Utility Bears at Five-Year High as Bond Yields Increase

The cost of hedging against losses in utility shares has risen to a five-year high after rising bond yields made dividends less appealing and short sellers boosted bearish bets.

A gauge of options prices known as implied volatility has risen 8.8 percent to 14.19 in the past month for the Utilities Select Sector SPDR Fund, an exchange-traded security tracking power companies, according to data on three-month contracts compiled by Bloomberg. Implied volatility for the utilities ETF was 1.73 points above the Standard & Poor’s 500 Index ETF on Dec. 26, the most since October 2008.

Utilities, which pay the second-highest dividends in the S&P 500, have declined amid speculation that investors searching for yield may turn to bonds after 10-year Treasury rates reached a two-year high. The Federal Reserve last month took the first step to reining in asset purchases that have helped to reduce borrowing costs. The ETF tracking companies such as Duke Energy Corp. has fallen 9.8 percent from a five-year high reached in April.

“Sentiment toward utilities is negative,” Tim Hoyle, director of research at Radnor, Pennsylvania-based Haverford Investments, said in a phone interview yesterday. His firm oversees about $6 billion. “We’re in a rising rate environment and utilities, which are often seen as an alternative to fixed income, become relatively unattractive.”

Bearish Bets

Investors have increased bets against utilities, sending the number of shares sold short to 14.9 million, a fourfold increase in two months, according to data compiled by Bloomberg and Markit, a London-based research firm. Almost 13 percent of the outstanding stock has been borrowed to wager on declines, the most since September 2009.

Utilities are sensitive to interest rates because the group competes with bonds for investors seeking stable returns, according to Scott Armiger, chief investment officer at Christiana Trust in Wilmington, Delaware. The industry’s higher levels of debt means earnings are more tied to fluctuations in borrowing costs, he said.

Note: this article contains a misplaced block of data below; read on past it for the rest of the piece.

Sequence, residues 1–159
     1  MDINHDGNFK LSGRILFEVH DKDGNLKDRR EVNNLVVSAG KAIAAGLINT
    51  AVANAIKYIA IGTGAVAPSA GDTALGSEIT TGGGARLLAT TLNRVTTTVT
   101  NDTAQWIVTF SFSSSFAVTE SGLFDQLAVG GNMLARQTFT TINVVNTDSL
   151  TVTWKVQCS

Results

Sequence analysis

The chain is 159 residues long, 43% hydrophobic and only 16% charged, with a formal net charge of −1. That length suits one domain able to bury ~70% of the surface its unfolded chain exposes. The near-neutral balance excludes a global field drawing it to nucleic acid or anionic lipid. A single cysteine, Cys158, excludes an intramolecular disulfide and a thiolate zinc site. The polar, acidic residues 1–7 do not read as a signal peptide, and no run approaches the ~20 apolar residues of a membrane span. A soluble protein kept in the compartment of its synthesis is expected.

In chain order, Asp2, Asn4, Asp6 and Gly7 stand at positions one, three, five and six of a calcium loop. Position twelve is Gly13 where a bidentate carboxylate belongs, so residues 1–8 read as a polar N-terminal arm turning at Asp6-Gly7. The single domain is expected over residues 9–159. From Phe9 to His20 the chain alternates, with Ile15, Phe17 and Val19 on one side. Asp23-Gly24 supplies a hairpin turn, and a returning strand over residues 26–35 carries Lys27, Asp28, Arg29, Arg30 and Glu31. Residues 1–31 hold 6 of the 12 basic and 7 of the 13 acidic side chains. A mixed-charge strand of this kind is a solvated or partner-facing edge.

The group paid 4.09 percent of their share price in dividends during the past year, double the payout for the S&P 500, according to data compiled by Bloomberg. That’s also more than all of the 10 main U.S. industries except for telephone companies, which on average offer a yield of 4.70 percent. Debt at utilities companies amounted to 35 percent of total assets, the highest among 10 S&P 500 groups.

Labor Conditions

The Fed cited “improvement in the outlook for labor conditions” when it said Dec. 18 that it would reduce asset purchases by $10 billion this month. The central bank will probably trim stimulus by $10 billion in each of its next seven meetings before ending the program this year, according to the median estimate of 41 economists surveyed by Bloomberg News on Dec. 19.

The yield on the benchmark 10-year note exceeded 3 percent this week, narrowing the premium that utility stocks offer in dividends to 1.1 percentage points, close to the smallest gap since July 2011, data compiled by Bloomberg show.

Implied volatility on the utilities fund rose 2.9 percent yesterday to a two-month high, according to data compiled by Bloomberg on three-month options with an exercise price near the ETF. The measure for the SPDR S&P 500 ETF Trust added 2.9 percent to 12.85, hovering near the lowest level since 2007.

Market Correction

Utility shares are attractive because they will hold up better than other stocks should the overall market decline, Armiger said. The S&P 500 group trades at 15.5 times reported earnings, the cheapest valuation relative to the S&P 500 in more than two years, data compiled by Bloomberg show.

“All you need is one market correction and that can change in a heartbeat,” Armiger said in a phone interview yesterday. His firm has $6 billion under administration and owns shares of the utility fund. “If the market were to trade off, you could see a run back toward utilities for its defensive nature.”

The Chicago Board Options Exchange Volatility Index, the gauge of S&P 500 options prices known as the VIX, fell 3.3 percent to 13.76 at 4:15 p.m. in New York, snapping a four-day rally. Its counterpart in Europe, the VStoxx Index, slipped 4.9 percent to 18 after jumping 9.7 percent yesterday.

Since Dec. 2, the two contracts with the largest increase in ownership were bearish, according to data compiled by Bloomberg. March $37 puts, with an exercise price 1 percent below yesterday’s close, had the biggest increase in open interest. Ownership increased by 15,800 contracts from 892 a month ago.

Ownership of puts expiring in February with the same strike price grew by about 13,000 contracts for the second-biggest increase.

“With tapering having begun there’s an expectation that yields at the long end of the U.S. Treasury curve could rise further,” Jim Strugger, a derivatives strategist at MKM Partners LLC, said in an interview on Dec. 24. “Yield-sensitive sectors are embedding increased risk of higher rates.”

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